Kendzo Lowland Rice

NEW for 2020

Kendzo is a short grain brown rice collected in Portugal. Possibly a heritage variety or landrace. I obtained my initial seed from Sylvia Davatz of Vermont. I believe this may be a lowland type but I grew it as an upland. The yields were modest compared to other short grained upland types like Duborskian. Likely Kendzo would have higher yields with either more water during the earlier growth stages up until flowering or being grown in a paddy system. The plants themselves are quite beautiful with purple/brown hulls as they near maturity.

Kendzo flowered 52 days from transplanting and matured 100 days from transplanting. The plants reached a height of 3 foot and had no issues with lodging during periods of heavy rainfall. *I will be adding a flavor/cooking profile to this page in the near future.

Rice seeds should be soaked in water 24 hours before planting. I start my plants indoors in April in plug flats, 50’s and transplant into beds after the last frost date. I recommend not leaving plants in flats for more than three weeks as the starts will yellow easily and weaken when root-bound. Here in Northern Indiana, I plant my rice plugs the last week of May. I plant into 4′ wide beds. This makes adding bird netting over the tops of the plants an easy chore using 5′ t-posts and twine. The plants are spaced 9″ apart in the beds. Upland rice requires about the same amount of water as corn, around 1″ per week during the growing season.  I harvest by cutting the whole plant and bundling into groups of 4. These bundles are then hung in my drying shed for a few weeks until the plant is fully dry. At this point threshing is easy by hand (pulling the grains off) or using a threshing machine. I use a treadle (foot) powered thresher. Rice has an inedible husk that needs to be removed before eating.   The most primitive way to accomplish this is by pounding the grains with a stick or mallet on a wood surface (tree stump) in order to loosen the husks. There are small rice dehullers available but very difficult to locate. Brill Engineering offers online tutorials on how to build a small dehuller using easy to locate “off the shelf” parts.  http://www.brillengineering.com/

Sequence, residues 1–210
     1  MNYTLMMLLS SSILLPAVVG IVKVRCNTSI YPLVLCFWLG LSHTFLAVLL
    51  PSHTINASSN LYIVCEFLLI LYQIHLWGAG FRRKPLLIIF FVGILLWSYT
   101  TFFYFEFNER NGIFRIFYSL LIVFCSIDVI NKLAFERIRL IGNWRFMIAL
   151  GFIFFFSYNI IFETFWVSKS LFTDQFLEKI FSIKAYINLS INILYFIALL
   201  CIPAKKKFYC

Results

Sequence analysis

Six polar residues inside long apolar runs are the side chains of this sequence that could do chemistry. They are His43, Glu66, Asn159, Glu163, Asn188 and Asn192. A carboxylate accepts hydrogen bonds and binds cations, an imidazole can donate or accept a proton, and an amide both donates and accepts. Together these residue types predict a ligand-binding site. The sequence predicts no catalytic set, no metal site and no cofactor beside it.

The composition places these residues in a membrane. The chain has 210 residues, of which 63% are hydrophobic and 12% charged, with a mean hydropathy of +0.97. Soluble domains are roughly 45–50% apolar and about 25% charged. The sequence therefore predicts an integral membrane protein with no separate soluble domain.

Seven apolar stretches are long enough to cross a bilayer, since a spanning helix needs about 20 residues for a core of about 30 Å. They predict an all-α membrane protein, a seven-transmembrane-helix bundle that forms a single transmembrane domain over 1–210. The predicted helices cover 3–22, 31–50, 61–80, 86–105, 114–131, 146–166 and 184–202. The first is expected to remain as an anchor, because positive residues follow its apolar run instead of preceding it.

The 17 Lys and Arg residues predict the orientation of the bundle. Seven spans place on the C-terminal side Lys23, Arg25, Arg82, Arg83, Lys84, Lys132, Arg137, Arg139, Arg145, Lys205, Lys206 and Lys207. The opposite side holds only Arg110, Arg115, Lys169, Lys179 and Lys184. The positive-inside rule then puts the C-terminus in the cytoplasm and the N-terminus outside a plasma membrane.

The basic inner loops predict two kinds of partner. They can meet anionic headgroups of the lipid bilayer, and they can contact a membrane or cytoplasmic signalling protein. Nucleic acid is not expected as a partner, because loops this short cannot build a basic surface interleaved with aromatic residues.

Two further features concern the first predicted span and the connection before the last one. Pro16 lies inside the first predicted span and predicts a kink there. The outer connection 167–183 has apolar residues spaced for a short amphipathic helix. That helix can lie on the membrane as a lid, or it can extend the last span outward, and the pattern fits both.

• Alternative planting method. In the spring of 2017 I experimented with direct seeding rice into beds in late May. I had success with early maturing varieties. I recently learned that rice can be direct seeded even earlier; possibly at the beginning of May or late April. I would suggest you conduct some small trials if you are interested in this method. Weed management is critical early on for young rice seedlings!

Sku
GRI-29
Description
Kendzo Rice
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1 7 grams$4.50
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